The appeal of a Jesus Franco movie isn’t easy to explain. A lot of cult movie fans are put off by the impro­vi­sa­tion­al nature of his work, not to men­tion the often pover­ty-row bud­gets and his “cheap & quick” approach to get­ting films in the can. Perhaps the best way to explain the appeal of his work is this: he was a film­mak­er in thrall to his fetish­es and he could let them run wild in front of the cam­era like few direc­tors would. If you can appre­ci­ate his dis­tinct­ly European type of deca­dence, you might be able to get into the head­space his sin­gu­lar­ly strange films occu­py.

The Hot Nights Of Linda is a pro­to­typ­i­cal dis­play of Franco’s min­i­mal­ist deca­dence. It begins with Marie-France (Alice Arno) leav­ing Paris to take a job as a nurse at a remove home in Greece. Her charge is Linda (Catherine Laferriere), a par­a­lyzed young wom­an with a child­like mind. However, Marie-France ends up spend­ing as much time with Olivia (Lina Romay), a vir­ginal but sex-obsessed nymphet who is Linda’s cous­in and an adopt­ed mem­ber of the house.

Meanwhile, the patri­arch (Paul Muller) of the clan is grap­pling with his own erotic/morbid pec­ca­dil­loes revolv­ing around Linda’s mys­te­ri­ous­ly depart­ed moth­er and a sleazy reporter-detec­tive duo is spy­ing on this over­heat­ed house from anoth­er home near­by, try­ing to col­lect some dirt on the fam­i­ly. Olivia’s bur­geon­ing sex­u­al­i­ty becomes the fuse that lights this pow­derkeg and it’s soon explod­ing in all man­ner of sexy and vio­lent ways.

If you expect a movie that plays its nar­ra­tive line out in a straight direc­tion, The Hot Nights Of Linda is not for you. The sto­ry­line has a thrown-togeth­er, mean­der­ing qual­i­ty: the source of Linda’s mal­adies is nev­er prop­er­ly explained, Marie-France is nev­er real­ly inte­grat­ed into the house’s psy­chodra­mas in a mean­ing­ful way and the sub­plot with the spy­ing duo nev­er pays off. There’s also a goofy, half-wit ser­vant char­ac­ter whose mum­bling and grunt­ing is like­ly to inspire fits of laugh­ter, even amongst those tak­ing the film seri­ous­ly.

However, com­plain­ing about such issues in a Franco film is real­ly beside the point. He’s more inter­est­ed in giv­ing his pet obses­sions a work­out: a fam­i­ly haunt­ed by secrets that tear them apart from with­in, incest, sadism, masochism and sex as a force that can be lib­er­at­ing and destruc­tive all at once. Surprisingly, he approach­es the­se heavy themes in a way that doesn’t offer a mes­sage or judge­ment. Indeed, his treat­ment of the­se con­cepts is odd­ly play­ful at times, includ­ing a cul-de-sac of an end­ing that you usu­al­ly see in come­dies. What mat­ters is the seedy yet styl­ish vibe as Franco cycles through his obses­sions in a way that keeps him amused.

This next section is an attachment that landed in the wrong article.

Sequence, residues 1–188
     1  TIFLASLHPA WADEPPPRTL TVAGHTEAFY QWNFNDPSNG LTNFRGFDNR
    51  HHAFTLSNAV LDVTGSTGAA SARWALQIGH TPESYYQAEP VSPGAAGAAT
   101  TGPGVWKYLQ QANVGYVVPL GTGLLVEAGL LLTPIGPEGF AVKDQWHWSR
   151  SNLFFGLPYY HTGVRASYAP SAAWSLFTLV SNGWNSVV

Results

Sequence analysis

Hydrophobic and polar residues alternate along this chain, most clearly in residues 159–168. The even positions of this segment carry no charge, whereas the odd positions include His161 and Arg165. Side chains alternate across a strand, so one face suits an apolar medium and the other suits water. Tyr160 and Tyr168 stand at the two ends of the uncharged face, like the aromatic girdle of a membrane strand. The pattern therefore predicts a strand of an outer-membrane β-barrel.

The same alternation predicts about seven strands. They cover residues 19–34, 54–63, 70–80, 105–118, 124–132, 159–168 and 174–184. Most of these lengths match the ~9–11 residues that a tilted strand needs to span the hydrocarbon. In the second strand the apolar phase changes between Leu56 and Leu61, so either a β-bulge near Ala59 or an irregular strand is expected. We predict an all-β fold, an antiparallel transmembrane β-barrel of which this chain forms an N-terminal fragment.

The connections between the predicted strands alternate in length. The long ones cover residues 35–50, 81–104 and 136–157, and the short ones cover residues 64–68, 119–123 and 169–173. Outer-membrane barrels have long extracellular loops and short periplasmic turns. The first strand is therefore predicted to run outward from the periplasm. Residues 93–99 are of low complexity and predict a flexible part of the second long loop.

The film also has a dream­like vibe to it that is cement­ed by the sin­cere yet styl­ized per­for­mances of its cast. Arno car­ries the first part of the film well, cut­ting a strik­ing, con­ti­nen­tal pro­file that leads us into the sto­ry. Laferriere con­veys the appro­pri­ate­ly fragili­ty as the baby-doll fetish object of the fam­i­ly, even if the sto­ry can nev­er quite fig­ure out what to do with her, and Eurotrash vet Muller is suit­ably brood­ing as the trou­bled dad.

However, the film belongs to Romay in her first real lead­ing role in a Franco film. She would become his muse for the remain­der of his career and it’s not hard to see why: she embraces her role as the ring­lead­er of the film’s indoor fire­works with great enthu­si­asm, watch­ing all her fel­low play­ers hun­gri­ly through her expres­sive eyes and throw­ing her­self into the sex with Method actor-style aban­don (note: there is a “hot­ter” alter­nate edit of the film with a bit of hard­core sex that Romay hap­pi­ly par­tic­i­pates in). Her work has a glee­ful, wan­ton qual­i­ty that sug­gests she’s liv­ing out her dreams being the Euro-under­ground cinema’s ver­sion of a sex object.

In short, The Hot Nights Of Linda, like the major­i­ty of Franco’s cin­e­mat­ic out­put, is a spe­cial­ty item for a very select audi­ence. However, if you’re will­ing to join that crowd, it offers an eye-open­ing, unique­ly fix­at­ed take on the usu­al soft­core shenani­gans.